Yasser Arafat ran the PLO, not as a revolutionary movement (despite his rhetoric) but as an (dis)organized crime family. Thus whoever will take over for him will not be a political successor. (Yes I know, we keep hearing that the election will take place within 60 days as stipulated by the Palestinian constitution. Right. The Palestinian constitution is a nice fig leaf, but I suspect it's rarely referred to - except when its provisions can be promoted by Western journalists trumpeting Palestinian "democracy.")
Arafat's successor will have two important attributes: Guns and money. In Gaza, the man with the most solid credentials in those areas are former security chief Mohammed Dahlan. I'm going to try to keep up with his antics over the coming months.
Because Dahlan headed the security service in Gaza he should have plenty of armed men whose loyalty he commands. Because he has lots of money he should be able to buy the loyalty of others. How did he get his money? Here's part of the answer:
This tax enables Rajoub to expand his organization's power. There are approximately 20 different security apparatuses operating in the territories today; they compete with one another, and the extent of their influence is naturally derived from their economic prowess. Avraham Biger, CEO of Paz up until two months ago, wrings his hands in chagrin: "Pedasco was simply too serious; we believed the Palestinians would live up to their obligations under the Paris agreement and would honor previous agreements. We never received any formal tender announcement from the Palestinians, and this fell on us like a bolt out of the blue."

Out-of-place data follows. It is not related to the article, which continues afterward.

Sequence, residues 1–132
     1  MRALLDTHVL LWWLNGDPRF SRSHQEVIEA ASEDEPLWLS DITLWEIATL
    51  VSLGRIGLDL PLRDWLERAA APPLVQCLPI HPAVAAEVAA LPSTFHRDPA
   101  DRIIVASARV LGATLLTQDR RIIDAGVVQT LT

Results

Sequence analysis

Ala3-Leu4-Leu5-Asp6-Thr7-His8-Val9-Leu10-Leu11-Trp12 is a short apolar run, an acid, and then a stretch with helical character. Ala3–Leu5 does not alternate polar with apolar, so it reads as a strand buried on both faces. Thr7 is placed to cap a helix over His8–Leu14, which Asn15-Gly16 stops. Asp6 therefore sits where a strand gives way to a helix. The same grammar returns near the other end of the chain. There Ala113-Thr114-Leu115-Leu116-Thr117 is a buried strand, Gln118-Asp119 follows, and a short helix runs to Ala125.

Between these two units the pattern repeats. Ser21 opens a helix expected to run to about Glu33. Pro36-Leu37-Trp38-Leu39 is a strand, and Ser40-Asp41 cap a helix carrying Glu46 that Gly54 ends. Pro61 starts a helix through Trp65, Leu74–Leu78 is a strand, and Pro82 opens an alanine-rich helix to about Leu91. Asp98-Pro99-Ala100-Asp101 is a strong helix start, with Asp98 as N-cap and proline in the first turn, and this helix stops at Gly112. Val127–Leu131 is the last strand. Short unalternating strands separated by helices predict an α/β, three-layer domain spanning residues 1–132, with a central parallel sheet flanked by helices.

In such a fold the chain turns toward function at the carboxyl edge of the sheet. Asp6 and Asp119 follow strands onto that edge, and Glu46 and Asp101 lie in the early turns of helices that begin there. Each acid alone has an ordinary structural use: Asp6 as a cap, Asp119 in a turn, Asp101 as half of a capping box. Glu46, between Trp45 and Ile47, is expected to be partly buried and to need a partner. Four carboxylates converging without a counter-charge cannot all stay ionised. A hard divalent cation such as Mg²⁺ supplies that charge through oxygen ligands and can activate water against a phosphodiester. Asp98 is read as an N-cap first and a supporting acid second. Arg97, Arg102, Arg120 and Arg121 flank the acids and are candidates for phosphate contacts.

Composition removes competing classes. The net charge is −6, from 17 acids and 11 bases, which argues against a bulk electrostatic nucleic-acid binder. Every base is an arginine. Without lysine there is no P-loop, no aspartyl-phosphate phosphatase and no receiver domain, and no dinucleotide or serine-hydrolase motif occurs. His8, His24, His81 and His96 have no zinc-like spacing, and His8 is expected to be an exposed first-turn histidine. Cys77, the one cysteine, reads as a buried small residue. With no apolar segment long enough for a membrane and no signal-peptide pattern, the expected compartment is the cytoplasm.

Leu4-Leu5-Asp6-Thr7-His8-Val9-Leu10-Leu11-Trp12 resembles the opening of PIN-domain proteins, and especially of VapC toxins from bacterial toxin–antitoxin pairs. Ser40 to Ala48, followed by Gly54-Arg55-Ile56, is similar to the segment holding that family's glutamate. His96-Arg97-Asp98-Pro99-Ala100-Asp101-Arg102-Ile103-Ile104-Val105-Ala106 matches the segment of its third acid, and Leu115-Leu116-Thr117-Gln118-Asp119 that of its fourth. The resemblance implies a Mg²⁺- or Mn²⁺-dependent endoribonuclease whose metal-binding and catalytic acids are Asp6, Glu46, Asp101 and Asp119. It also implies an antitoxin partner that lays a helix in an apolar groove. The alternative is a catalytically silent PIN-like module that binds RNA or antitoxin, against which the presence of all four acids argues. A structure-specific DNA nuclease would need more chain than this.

Overnight, Pedasco found itself without contracts, without customers, and without the equipment it had leased to the gas stations. After the fact, it turned out that the Authority had even had an exclusive contract for supply with the German-French company Marimpex, signed by Yasser Arafat, when suddenly Dor showed up and snatched all the marbles. The agreement was signed between Joseph Antverg, then the CEO of Dor, and Muhammad Rashid, representing the Palestinians, as "senior economic advisor" to Arafat.
The gas station owners have no business relationship with Dor Energy. Dor sells the fuel to the Palestinian monopoly at a certain price, and the monopoly sells it to the station owners at a much higher price. The monopoly keeps the difference. The station owners have no alternative, because Rajoub's outfit in the West Bank and Muhammad Dahlan's in the Gaza Strip prevent any other, competing importation and assign armed guards to escort Dor's tankers right up to the stations themselves.
Another way in which the security apparatuses finance their augmented activity is through the collection of unloading taxes. Rajoub and Dahlan control, in effect, all the discharging platforms at the transit points to the Palestinian Authority. Dahlan is also the owner of the loading pitchforks at the Erez checkpoint. Every merchant and truck owner must pay the preventive security apparatus a tithe in order to proceed. Sometimes, its done in a simpler fashion. An Israeli importer of cleaning products, who opened a branch in Gaza, was asked to pay $2,000, a "donation" to Force 17. A year ago,a rich Arab from East Jerusalem was asked to purchase 14 new jeeps, out of his own money, for Rajoub's organization's use.